Things to consider when deciding where to take summer classes

By Portia Kerr-Newman

It’s getting close to the end of the school year and students are wrapping up midterms and preparing for final exams. While some students are excited for their chance to relax following the stressful school year, not everyone is going to take a break for the summer.

Some students want to continue their education throughout the summer either to graduate early or to lighten the load for the fall and spring semesters. There are several options for summer classes, so you may want to know if you’ll be better off staying here at NIU or going to a community college.

Typically, community colleges have lower tuition rates than universities. Even though tuition is lower, community colleges don’t offer room and board. According to the Bursar’s Office website, tuition costs for summer courses here range from $294.60-$265 per hour for in-state undergraduate students.

On-campus housing is also available, but local apartments or commuting from home might be cheaper. Students living on campus during the summer have the option of purchasing a meal plan.

Either option you take might have you racking up the money by the thousands. If you are worried that this is starting to sound expensive, you could probably find cheaper prices compared at community colleges.

One alternative for students who want to stay in DeKalb is attending Kishwaukee College for summer classes. Tuition for the summer starts with $89 per credit hour for in-district students, not including student fees and books, according to the Kishwaukee website.

There are no on-campus housing options or meal plans available, but students can commute from home or find an apartment to sublet for the summer in DeKalb.It should be noted, however, that “out-of-district” students will be charged $307 per credit hour.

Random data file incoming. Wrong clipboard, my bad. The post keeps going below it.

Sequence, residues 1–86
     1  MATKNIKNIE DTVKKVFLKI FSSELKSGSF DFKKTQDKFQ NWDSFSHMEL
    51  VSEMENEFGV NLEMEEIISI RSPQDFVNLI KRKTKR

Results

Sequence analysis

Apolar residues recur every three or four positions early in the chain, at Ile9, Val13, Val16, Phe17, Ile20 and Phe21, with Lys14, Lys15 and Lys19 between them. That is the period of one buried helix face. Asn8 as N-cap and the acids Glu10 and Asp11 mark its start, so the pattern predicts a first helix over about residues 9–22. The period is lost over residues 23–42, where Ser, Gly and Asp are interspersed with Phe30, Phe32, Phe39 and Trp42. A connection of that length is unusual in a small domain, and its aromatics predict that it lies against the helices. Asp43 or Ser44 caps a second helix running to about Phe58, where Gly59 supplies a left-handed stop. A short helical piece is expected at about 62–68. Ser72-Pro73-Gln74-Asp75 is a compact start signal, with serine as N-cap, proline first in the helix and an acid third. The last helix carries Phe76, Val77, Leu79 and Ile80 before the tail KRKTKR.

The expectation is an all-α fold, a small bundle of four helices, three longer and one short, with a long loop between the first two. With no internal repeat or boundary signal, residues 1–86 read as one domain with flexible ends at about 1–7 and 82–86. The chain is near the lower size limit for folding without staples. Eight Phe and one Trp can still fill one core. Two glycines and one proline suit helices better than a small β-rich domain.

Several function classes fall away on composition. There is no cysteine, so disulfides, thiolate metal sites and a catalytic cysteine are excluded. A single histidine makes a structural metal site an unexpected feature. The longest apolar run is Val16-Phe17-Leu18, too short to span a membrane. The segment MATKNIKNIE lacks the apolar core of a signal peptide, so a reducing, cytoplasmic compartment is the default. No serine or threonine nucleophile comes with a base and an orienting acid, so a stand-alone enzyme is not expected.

Besides just thinking about how much school costs, there some other important factors to consider before deciding to take classes at Kishwaukee College instead of NIU.

You should, of course, make sure that the classes you would be taking would fulfill NIU’s requirements. A lot of students don’t know that credits from other schools do not count towards your GPA at NIU even if the credits transfer.

Also, it is more difficult to take a full semester load in the summer due to the condensed time period of the semester.

“Students can take up to nine credit hours; they can request an overload with a counselor if they want to take more,” said Heather McCoy, coordinator of recruitment and orientation at Kishwaukee College.

Finally, you may want to consider that tuition for classes is due May 9 and they start on May 16, so don’t count on having much of a break after the spring semester ends.

Whether you prefer the lower costs of community college or the continuity and familiarity of staying at NIU, summer classes are a good way for students to get ahead in their academic careers.